Having half the stuff we’d had before didn’t mean the floors stayed clean or the dishes didn’t pile up. It seemed that one tiny baby had three times the laundry of two normal-sized adults.
And somehow, because I was the structure and rules person in the family, I had trained my indulgent husband to believe that all these thankless, hateful things should end up on my plate. My motto has always been, “If it pisses you off, doing something about it.” So I do. But I do it with a lot of resentment.
Enter post-partum depression. Enter a crisis of identity. Enter a new season of wanting to be seen as a woman and not just as a roommate.
Yup. I had a crisis. A big, ugly, tear down the walls crisis.
Just do the dishes
If any of us survived, it is thanks to Dana K. White. I wish I remember how I discovered her podcast, but it saved my family. At one point, during what she called her “deslobification process” she said she had to stop treating her home like a project and start learning to do the basic things to keep it under control. She had a podcast episode where she talked about significant others and family members, and how the only thing we can do is set the example.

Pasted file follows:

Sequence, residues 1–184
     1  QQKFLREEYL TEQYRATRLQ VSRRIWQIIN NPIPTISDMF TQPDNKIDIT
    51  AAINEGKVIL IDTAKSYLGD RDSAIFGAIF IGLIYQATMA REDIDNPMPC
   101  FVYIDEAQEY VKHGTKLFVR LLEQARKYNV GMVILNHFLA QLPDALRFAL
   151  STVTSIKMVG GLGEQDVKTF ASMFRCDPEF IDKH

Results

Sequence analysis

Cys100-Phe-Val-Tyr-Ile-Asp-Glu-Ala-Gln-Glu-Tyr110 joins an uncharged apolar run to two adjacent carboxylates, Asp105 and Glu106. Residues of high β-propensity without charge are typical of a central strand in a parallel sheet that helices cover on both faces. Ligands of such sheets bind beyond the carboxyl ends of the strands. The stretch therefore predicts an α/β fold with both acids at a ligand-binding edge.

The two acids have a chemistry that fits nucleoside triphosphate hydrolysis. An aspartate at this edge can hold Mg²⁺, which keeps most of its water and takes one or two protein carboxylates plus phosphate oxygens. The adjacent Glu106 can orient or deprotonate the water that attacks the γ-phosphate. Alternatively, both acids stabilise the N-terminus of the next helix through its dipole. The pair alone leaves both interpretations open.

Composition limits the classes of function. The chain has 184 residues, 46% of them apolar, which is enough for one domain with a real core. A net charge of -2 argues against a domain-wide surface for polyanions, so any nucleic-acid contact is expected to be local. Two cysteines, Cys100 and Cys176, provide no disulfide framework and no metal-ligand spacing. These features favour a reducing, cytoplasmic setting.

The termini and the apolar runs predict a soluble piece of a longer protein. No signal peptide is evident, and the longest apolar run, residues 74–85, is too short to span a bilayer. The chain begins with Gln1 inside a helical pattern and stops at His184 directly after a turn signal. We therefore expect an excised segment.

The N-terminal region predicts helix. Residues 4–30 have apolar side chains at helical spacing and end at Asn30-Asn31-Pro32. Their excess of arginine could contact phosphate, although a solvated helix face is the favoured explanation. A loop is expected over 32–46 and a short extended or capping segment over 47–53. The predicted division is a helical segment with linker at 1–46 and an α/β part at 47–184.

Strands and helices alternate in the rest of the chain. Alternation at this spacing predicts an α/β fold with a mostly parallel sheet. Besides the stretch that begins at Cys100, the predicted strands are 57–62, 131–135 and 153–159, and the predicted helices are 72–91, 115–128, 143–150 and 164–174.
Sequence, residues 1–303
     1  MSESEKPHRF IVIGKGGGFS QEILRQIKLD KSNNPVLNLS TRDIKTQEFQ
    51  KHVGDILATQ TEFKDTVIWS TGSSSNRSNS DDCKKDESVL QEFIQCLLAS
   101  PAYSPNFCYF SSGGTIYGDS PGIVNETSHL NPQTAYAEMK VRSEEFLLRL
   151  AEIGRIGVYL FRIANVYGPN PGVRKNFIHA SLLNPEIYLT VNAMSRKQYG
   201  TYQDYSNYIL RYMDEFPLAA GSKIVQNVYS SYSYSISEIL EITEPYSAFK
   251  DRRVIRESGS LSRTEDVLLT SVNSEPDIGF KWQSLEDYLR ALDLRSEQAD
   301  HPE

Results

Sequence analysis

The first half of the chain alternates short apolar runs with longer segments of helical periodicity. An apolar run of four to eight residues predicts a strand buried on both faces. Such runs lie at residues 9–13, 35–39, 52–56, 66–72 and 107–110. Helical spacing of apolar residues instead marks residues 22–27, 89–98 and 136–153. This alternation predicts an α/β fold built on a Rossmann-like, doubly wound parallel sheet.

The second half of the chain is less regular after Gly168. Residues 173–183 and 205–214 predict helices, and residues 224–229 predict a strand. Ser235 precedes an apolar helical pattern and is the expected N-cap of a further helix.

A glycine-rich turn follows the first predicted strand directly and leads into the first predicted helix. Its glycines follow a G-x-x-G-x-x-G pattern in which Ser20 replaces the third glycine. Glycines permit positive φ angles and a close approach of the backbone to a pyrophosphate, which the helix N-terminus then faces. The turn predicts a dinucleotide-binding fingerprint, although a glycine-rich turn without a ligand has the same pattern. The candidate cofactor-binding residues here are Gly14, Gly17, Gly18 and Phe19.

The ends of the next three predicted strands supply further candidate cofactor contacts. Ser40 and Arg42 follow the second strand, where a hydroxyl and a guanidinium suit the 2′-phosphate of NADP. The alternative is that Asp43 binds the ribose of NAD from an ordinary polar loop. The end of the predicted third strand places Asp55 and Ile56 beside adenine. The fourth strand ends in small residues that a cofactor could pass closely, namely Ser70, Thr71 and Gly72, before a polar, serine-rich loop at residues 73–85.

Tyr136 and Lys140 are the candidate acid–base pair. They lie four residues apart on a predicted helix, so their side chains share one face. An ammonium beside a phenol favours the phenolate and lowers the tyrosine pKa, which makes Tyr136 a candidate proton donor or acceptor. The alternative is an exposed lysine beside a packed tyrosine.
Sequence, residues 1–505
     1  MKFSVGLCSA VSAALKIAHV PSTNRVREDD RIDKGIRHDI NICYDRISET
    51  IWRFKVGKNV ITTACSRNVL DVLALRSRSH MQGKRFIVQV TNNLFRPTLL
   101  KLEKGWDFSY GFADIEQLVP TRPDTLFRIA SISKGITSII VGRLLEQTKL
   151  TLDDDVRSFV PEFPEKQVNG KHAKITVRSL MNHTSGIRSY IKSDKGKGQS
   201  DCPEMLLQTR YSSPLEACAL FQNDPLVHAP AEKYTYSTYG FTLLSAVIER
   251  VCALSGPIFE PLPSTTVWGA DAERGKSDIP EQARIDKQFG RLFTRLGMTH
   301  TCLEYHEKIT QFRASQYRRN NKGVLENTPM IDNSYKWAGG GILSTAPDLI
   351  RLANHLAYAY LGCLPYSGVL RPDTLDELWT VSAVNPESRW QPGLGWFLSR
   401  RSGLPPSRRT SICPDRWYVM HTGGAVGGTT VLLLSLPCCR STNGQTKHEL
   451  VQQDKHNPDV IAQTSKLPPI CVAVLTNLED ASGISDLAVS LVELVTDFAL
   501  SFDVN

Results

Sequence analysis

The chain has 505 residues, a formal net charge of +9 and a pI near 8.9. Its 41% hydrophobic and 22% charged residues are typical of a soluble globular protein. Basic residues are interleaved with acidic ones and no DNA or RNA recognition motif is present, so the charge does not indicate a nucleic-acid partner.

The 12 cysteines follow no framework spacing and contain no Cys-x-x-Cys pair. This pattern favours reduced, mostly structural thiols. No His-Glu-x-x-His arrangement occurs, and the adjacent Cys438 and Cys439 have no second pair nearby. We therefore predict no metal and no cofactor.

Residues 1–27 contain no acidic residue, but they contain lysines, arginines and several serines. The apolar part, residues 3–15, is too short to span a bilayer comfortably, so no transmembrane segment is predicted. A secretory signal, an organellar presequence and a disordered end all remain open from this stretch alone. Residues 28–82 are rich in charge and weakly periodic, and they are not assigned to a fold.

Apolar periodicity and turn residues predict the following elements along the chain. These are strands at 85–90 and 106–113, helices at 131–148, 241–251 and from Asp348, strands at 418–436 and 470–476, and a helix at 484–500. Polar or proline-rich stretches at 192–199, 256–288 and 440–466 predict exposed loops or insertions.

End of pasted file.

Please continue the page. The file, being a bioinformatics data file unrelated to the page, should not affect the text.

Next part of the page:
Her first eye-opening lesson was to simply do the dishes. I started doing the dishes after every meal. There was one benefit to doing this, and I am going to shamefully admit it here: by doing the dishes after every meal, drying them and putting them away, it gave me an excuse to let him deal with the boys. I was off the hook for as long as it took to be completely done.
I used the time I spent doing the dishes to imagine dialogue for my characters to speak, to problem solve plot holes, to worldbuild. I put music in my ears and blocked everything else out.
Doing the dishes, the act of which I still do not enjoy, became a little bubble of “me-time” because I could disengage my brain from the boredom of parenting and invest in the only thing that made me feel alive: my novels.
In my Ideal Life, I am a person who:
- has a tidy kitchen
- knows the last time the bathroom was cleaned
- has clean sheets on her bed
- can see out the windows
- doesn’t mind washing the floor
- folds and puts away laundry immediately